6) Drug prohibition reflects a failure to learn from history. We repealed the prohibition of alcohol because it produced crime, corruption, and social chaos. Now we are making the same mistakes and suffering the same consequences.

7) Drug prohibition is a classic example of throwing money at a problem. We spend $15 billion a year on enforcement of the drug laws--20 times as much in real terms as we ever spent on alcohol prohibition--to no avail. Drug prohibition is the sort of thing Ronald Reagan had in mind when he said, "The nearest thing to eternal life on this earth is a government program." President Clinton's drug czar has now formally announced that the War on Drugs will be endless.

8) Drug prohibition centralizes power in Washington. The federal government has usurped the power of states and communities to determine their own policies, and the prosecution of the drug war has caused federal law enforcement agencies to grow at the expense of state and local police. Most recently, the Clinton administration refuses to accept the decision of the people of Arizona and California to allow the medical use of marijuana, and is threatening to arrest doctors who abide by state law. The U.S. government has always seized on wars and emergencies to expand its own powers at the expense of states, individuals, and the Constitution.

9) Drug prohibition does violence to civil liberties. There was a time in this country when the government was only allowed to punish someone after he was convicted in a court of law. It now appears that the drug authorities can punish an American citizen by seizing his car or his boat, not even after an indictment--much less a conviction--but after a mere allegation by a police officer. Whatever happened to the presumption of innocence? The demand to win this unwinnable war has led to wiretapping, entrapment, property seizures, and other abuses of Americans' traditional liberties.

10) Drug prohibition hurts our relations with our allies. When we pressure friendly Latin American governments to destroy their coca fields, we turn their citizens against them--and often into the arms of such leftist revolutionaries as Peru's Tupac Amaru--as well as stirring up their resentment of Yankee imperialism.

11) Drug prohibition does violence to the Constitution. The Tenth Amendment reserves to the states or the people all powers not granted to the federal government. At least the advocates of alcohol Prohibition had enough respect for the Constitution to seek a constitutional amendment to impose Prohibition, but Congress never asked the American people for the constitutional power to impose drug prohibition.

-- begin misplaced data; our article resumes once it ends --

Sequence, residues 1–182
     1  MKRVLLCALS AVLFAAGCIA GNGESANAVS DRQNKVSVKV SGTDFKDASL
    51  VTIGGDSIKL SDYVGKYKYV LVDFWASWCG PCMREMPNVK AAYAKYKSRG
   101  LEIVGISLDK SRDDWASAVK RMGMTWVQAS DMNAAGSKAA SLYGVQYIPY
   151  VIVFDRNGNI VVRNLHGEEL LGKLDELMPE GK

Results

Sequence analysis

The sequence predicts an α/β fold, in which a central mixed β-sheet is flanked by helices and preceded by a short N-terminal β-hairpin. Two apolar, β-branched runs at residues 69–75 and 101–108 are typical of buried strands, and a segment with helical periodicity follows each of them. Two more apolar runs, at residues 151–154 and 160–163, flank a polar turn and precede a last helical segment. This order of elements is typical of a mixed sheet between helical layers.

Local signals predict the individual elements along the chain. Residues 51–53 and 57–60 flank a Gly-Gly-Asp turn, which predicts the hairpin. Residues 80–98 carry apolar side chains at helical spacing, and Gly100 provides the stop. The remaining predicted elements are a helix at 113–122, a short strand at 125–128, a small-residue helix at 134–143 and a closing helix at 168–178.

12) Drug prohibition violates individual rights. People have rights that governments may not violate. Thomas Jefferson defined them as the rights of life, liberty, and the pursuit of happiness. I would say that people have the right to live their lives in any way they choose so long as they don't violate the equal rights of others. What right could be more basic, more inherent in human nature, than the right to choose what substances to put in one's own body? Whether we're talking about alcohol, tobacco, AZT, saturated fat, medical marijuana, or recreational cocaine, this is a decision that should be made by the adult individual, not the government. If government can tell us what we can put into our own bodies, what can it not tell us? What limits on government action are there?

As William F. Buckley, Jr., says, "It is the duty of conservatives to declaim against lost causes when the ancillary results of pursuing them are tens of thousands of innocent victims and a gradual corruption of the machinery of the state." He's not the only leading conservative who recognizes the futility of the drug war. Sociologist Ernest van den Haag, Hoover Institution scholar Thomas Sowell, former secretary of state George Shultz, and Nobel laureate Milton Friedman agree with Buckley.

The drug war is a futile, counterproductive, big-government program. It is time to return the effort to control drug abuse to families, churches, schools, mission houses, and the other elements of civil society.

Source Here

So what are your thoughts about drug prohibition?